After making her directorial debut in OCD in January last year, Ho Lee Ching was all geared up to study physical theatre in Paris. But the French school she wrote to rejected her application. The gist of the reason given was while it did not doubt her professional skills and passion, it could not take the risk of accepting someone with a specific singularity.
Ho, 28, has Tourette Syndrome, which is characterised by rapid, repetitive and involuntary muscle movements and vocalisations called tics. Rejection on account of her condition, diagnosed when she was 10, made her wonder about the many people out there who faced a similar dilemma.
Reaching out to Tourette’s support groups led her to neurodiversity, the concept that some people function differently because of brain differences, not deficits. The neurodiversity movement is largely driven by autistic people, she found, and that piqued her because autism and Tourette’s have many common symptoms.
“I thought maybe I ought to do a show about neurodiversity. It was not a matter of ‘want’ to do. Because of the rejection, I needed to do something about differences.”
Last November, rehearsals began for In/Out, which will be staged at the Kuala Lumpur Performing Arts Centre from Jan 24 to 27. The hour-long physical movement performance incorporates song and music and is devised around a girl who recoils from loud noises, has trouble focusing and is fixated on odd things. She attempts to give flowers to a group of people, who keep running away.
Beyond the strands of a base narrative, Ho had no script when she started directing. But when the cast of nine dancers and actors came in, they explored issues on the floor and gave input on inclusion and exclusion, bearing in mind the teaser quote on the show poster, “And in the sameness that I’ve always needed, I realised I was different”.
“The beauty of movement is that it is open and reaches out to a more diverse crowd. You may watch and not understand, but you feel something. When you think about it [later], you may realise why you felt that way,” Ho explains.
She was introduced to the performing arts in 2008 when she joined an “acting for beginners” course taught by Joe Hasham, co-founder of The Actors Studio and klpac’s artistic director. In 2012, she was part of klpac’s Theatre for Young People initiative, for which she is now a programme coordinator and facilitator. She performs and teaches speech and drama to seven to nine-year-olds at The Actors Studio Academy.
Claudia Low plays the outsider, the only character who speaks, while Afham Zainal, Chloe Tan, Joey Cheong, Nabilah Hamid, Riena Aisya, Sharm Noh, SueKi Yee and Zhafir Muzani make up the rest of the In/Out ensemble.
Low had been involved in theatre from young but took a break to focus on her career in publishing. In 2016, she quit her job as a magazine editor and returned to the stage. She has donned different guises after a full day’s work — first with an online marketplace and now, a digital agency. She has acted in Antigone, Riwayat and 4:48 Psychosis.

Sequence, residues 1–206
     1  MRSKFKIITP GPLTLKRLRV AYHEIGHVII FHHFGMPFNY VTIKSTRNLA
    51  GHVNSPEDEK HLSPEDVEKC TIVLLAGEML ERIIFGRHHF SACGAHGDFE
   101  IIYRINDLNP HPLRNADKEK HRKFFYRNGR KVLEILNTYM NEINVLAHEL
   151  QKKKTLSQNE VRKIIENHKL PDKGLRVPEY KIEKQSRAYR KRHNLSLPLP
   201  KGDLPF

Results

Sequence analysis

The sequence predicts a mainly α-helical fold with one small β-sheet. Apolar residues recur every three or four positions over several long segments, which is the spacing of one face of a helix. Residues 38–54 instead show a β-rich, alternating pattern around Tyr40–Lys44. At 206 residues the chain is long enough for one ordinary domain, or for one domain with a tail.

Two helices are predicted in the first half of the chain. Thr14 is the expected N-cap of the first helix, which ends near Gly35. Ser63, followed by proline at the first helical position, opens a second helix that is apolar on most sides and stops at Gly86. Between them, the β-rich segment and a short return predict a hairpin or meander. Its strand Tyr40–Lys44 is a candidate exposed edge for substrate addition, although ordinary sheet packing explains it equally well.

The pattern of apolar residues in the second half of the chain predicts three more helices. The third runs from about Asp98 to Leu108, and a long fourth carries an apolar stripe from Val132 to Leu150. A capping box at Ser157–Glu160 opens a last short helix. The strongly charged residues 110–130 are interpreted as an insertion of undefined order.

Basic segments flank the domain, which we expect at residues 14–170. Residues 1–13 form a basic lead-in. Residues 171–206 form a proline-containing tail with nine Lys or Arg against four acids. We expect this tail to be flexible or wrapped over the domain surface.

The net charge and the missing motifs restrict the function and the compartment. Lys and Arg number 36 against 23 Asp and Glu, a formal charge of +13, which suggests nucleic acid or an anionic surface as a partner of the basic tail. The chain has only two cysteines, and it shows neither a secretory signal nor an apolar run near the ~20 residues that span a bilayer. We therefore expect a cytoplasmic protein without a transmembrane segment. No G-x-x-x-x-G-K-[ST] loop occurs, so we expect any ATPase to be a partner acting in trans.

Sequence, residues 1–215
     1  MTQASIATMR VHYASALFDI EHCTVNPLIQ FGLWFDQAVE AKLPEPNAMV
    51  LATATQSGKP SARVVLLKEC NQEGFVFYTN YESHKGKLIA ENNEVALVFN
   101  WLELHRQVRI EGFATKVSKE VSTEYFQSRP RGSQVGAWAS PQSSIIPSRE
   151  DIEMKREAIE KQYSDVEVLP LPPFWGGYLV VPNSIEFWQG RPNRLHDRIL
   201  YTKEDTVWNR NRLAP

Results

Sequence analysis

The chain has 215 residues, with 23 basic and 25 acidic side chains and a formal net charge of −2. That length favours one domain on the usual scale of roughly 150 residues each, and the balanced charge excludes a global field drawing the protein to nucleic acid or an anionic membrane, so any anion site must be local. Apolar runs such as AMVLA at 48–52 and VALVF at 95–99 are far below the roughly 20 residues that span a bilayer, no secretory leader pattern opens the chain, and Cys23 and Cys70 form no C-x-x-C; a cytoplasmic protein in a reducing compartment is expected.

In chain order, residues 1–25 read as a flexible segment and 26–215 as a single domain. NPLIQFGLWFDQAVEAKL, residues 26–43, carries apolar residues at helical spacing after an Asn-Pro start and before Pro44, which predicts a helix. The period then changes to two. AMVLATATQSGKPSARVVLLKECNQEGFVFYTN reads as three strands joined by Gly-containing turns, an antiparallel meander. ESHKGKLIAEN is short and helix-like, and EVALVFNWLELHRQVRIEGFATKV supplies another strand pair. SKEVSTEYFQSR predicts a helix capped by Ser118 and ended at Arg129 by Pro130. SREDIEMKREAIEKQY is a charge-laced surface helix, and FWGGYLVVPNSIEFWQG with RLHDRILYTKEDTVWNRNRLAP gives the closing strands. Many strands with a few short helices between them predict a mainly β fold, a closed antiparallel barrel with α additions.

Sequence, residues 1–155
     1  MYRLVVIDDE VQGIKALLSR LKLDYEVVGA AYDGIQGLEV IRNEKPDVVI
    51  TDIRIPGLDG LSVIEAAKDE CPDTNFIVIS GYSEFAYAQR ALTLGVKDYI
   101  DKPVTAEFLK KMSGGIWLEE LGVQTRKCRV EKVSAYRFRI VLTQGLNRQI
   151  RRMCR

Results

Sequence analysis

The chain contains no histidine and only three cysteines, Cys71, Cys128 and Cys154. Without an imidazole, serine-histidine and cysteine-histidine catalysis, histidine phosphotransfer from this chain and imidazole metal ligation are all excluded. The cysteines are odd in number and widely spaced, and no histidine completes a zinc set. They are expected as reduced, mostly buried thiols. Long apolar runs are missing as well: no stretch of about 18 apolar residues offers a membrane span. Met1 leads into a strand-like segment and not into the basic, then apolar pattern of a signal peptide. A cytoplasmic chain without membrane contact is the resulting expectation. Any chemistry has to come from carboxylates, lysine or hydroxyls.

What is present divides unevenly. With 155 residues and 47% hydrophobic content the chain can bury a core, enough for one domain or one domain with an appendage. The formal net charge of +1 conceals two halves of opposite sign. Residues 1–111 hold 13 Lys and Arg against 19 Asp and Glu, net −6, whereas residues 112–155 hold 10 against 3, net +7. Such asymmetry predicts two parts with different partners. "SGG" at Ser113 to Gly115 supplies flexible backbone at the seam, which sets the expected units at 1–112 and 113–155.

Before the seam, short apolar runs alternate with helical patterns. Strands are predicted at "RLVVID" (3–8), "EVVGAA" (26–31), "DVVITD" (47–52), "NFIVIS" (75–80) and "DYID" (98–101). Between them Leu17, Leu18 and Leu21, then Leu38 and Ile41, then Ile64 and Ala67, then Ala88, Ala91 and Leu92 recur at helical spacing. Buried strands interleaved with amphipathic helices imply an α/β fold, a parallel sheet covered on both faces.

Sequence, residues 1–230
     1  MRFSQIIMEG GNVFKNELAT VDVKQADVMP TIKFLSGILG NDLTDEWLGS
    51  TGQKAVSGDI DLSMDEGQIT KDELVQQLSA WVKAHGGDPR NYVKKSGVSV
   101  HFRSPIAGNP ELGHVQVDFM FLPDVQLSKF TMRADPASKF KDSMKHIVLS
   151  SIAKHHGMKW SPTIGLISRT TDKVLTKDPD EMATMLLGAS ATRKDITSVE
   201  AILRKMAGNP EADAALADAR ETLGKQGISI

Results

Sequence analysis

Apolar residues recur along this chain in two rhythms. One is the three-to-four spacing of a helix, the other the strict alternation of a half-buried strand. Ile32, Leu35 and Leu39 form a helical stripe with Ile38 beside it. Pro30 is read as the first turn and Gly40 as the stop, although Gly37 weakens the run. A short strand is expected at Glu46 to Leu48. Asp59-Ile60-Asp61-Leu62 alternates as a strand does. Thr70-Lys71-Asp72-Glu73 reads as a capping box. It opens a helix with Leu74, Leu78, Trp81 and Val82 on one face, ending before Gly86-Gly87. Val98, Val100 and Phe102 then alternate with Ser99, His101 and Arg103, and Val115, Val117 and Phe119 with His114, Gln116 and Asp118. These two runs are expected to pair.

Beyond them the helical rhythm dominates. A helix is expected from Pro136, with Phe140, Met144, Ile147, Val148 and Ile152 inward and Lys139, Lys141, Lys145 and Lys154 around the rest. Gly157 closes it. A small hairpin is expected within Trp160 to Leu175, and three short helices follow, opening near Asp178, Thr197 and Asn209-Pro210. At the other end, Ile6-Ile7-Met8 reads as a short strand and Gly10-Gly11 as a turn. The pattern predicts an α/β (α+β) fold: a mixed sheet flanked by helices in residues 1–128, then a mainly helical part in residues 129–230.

Auditions for In/Out called for movers and dancers and that worried Low initially because she prefers writing and painting — and has done lots of both — to dancing. Having grown up watching her older sister January’s journey with Indian classical dance, figuring out a way to pass off as a dancer was “terrifying”.
But from day one, she noticed that her fellow performers were moving differently and each had a distinct way of expressing himself/herself. “That made me very comfortable and I did not feel conscious because no one was.”
Ho says the performance taps into scenarios of children at play. Sometimes, a child does not know how to play, so she is out. There are those who may not know how to play her game, so they want out.
“On the surface, you may think the show is about bullying. But look deeper and you will find lots of people don’t know they are [doing it]. They just think, ‘This person is different and I’m going to treat her differently’, with no thought of how she would feel. And if you go even deeper, you will see neurodiversity.
“What we’re saying is that we should make people feel in, but it is okay if they don’t wish to be in.” In the same vein, one could straddle the divide and “find value in not fitting in”, adds Low. “The show is not just about one person’s experience. At some point, you can relate to everyone on stage and feel like you’ve been there.”
Ho, who has had both vocal and motor tics since the age of seven, finds it intimidating to go to the theatre. “It is very hard to concentrate on the show while trying to suppress yourself from making sounds because the tics are involuntary. When I watch a show where people don’t know me and I start making sounds, it’s very scary for me.”
A firm believer that theatre is for everyone, Ho has decided the Jan 26 matinee (3pm) of In/Out will be a relaxed performance. Viewers can step out of the hall should they feel uncomfortable and a side wall will be opened up so they can chill out. The strobe lights will be removed, the volume of the music will be lowered and the audience can make noise.
A few people with Tourette’s turned up for OCD, says Ho. She remembers seeing a mother and son holding hands. “The boy was squeezing her hands hard so he would not tic. I wished I had announced beforehand that we would hear sounds and that it was okay.”
In/Out, Pentas 2, klpac, Jan 24 to 27, 8.30pm & 3pm. RM60 & RM50. Purchase by calling 03 4047 9000 or at proticket.com.my. A Q&A session with an occupational therapist or clinical psychologist will be held after each performance, courtesy of Oasis Place. This article first appeared on Jan 21, 2018 in The Edge Malaysia.